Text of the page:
The purpose of the Bill is to bolster investment in infrastructure by allowing stable long-term funding, delivering better value for money and relieving unnecessary administrative pressures. The Bill would increase transparency of information provision and improve planning processes, allowing us to get Britain building for our future and compete in the global race.
Invasive non-native species
The Bill would allow for Species Control Orders to control the invasive, non-native species that pose serious threats to biodiversity, the water environment and infrastructure.
Nationally significant infrastructure projects
The Bill would:
- simplify the process for making changes to Development Consent Orders (DCO) by speeding up non-material changes to aDCO, and allowing simplified processes for material changes
- allow the Examining Authority to be appointed immediately after an application has been accepted and for the panel to comprise 2 inspectors, speeding up the process and saving money
Deemed discharge for certain planning conditions
The Bill would allow certain types of planning conditions to be discharged upon application if a local planning authority has not notified the developer of their decision within a prescribed time period, reducing unnecessary delay and costs.
The Bill would transfer statutory responsibility for the local land charges register and delivery of local land charges searches to the Land Registry, supporting the delivery of digital services, and extend Land Registry’s powers to enable it to provide information and register services relating to land and other property.
The Bill would enable the Secretary of State to give communities the right to buy a stake in their local renewable electricity scheme so that they can gain a greater share in the associated financial benefits.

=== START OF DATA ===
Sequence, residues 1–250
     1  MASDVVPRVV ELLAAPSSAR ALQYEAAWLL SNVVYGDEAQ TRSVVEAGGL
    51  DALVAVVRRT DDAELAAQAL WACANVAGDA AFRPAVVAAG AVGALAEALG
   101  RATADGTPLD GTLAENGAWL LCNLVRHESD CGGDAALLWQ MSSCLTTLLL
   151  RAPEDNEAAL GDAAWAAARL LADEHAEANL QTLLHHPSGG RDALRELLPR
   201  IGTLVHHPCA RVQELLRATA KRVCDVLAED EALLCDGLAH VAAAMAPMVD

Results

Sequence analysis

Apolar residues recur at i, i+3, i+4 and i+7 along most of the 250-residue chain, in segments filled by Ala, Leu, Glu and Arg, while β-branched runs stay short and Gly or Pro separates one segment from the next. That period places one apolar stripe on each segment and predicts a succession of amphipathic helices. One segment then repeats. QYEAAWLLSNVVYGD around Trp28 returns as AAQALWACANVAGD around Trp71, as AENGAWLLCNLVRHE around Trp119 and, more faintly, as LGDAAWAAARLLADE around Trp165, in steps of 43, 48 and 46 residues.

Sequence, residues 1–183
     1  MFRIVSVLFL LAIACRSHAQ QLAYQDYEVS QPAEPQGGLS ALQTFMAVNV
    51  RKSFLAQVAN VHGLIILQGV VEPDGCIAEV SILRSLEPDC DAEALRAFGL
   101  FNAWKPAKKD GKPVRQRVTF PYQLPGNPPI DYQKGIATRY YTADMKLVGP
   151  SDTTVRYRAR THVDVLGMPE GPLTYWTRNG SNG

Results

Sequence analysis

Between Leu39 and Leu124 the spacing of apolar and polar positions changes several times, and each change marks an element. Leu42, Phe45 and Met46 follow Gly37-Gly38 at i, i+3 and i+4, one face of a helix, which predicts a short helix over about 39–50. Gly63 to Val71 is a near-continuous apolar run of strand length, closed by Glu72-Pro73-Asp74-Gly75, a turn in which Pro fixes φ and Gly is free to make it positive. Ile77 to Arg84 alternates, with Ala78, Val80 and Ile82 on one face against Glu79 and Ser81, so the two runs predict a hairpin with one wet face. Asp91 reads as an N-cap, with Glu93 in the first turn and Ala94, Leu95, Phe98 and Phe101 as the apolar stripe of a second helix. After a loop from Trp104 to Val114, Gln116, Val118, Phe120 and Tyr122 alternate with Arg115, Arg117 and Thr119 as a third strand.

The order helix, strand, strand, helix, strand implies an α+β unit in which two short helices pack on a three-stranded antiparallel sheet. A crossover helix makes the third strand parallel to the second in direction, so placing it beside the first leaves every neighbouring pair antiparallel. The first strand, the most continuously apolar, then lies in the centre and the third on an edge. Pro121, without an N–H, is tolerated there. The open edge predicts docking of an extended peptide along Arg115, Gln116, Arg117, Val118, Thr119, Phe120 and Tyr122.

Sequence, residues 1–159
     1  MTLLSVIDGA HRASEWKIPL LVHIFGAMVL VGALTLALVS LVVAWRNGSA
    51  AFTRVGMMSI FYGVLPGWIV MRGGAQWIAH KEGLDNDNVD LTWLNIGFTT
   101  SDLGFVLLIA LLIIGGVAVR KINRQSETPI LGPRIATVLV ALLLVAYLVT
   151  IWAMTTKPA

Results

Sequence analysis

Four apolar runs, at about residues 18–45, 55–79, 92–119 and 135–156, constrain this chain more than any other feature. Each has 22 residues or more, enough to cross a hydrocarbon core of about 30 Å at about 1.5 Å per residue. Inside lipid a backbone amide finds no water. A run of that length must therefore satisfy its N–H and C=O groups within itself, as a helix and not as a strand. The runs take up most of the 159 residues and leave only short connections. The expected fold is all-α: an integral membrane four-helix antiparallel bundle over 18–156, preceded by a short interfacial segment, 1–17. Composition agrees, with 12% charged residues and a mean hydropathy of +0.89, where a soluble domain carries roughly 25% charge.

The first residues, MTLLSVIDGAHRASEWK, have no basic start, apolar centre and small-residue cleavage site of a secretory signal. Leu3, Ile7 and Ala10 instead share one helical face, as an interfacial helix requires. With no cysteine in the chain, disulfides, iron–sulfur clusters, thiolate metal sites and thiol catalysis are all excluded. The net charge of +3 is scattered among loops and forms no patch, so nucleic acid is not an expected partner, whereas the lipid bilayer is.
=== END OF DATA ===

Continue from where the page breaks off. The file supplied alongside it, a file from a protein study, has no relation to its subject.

Subject to consultation, this Bill would support the development of gas and oil from shale and geothermal energy by clarifying and streamlining the underground access regime. The government is currently running a full consultation on this policy and the legislation is entirely dependent on the outcome of that consultation.
Sir Ian Wood’s independent report estimates that full and rapid implementation will deliver at least 3 to 4 billion barrels of oil equivalent more than would otherwise be recovered over the next 20 years, bringing over £200 billion additional value to the UK economy. The government accepted Wood’s recommendations in full in February 2014, and is introducing measures in this Bill to put the principle of maximising economic recovery of petroleum in the UK into statute.
The government will also introduce a levy, making power so that the costs of funding a larger, better resourced regulator can be paid for by industry rather than by the taxpayer as is currently the case.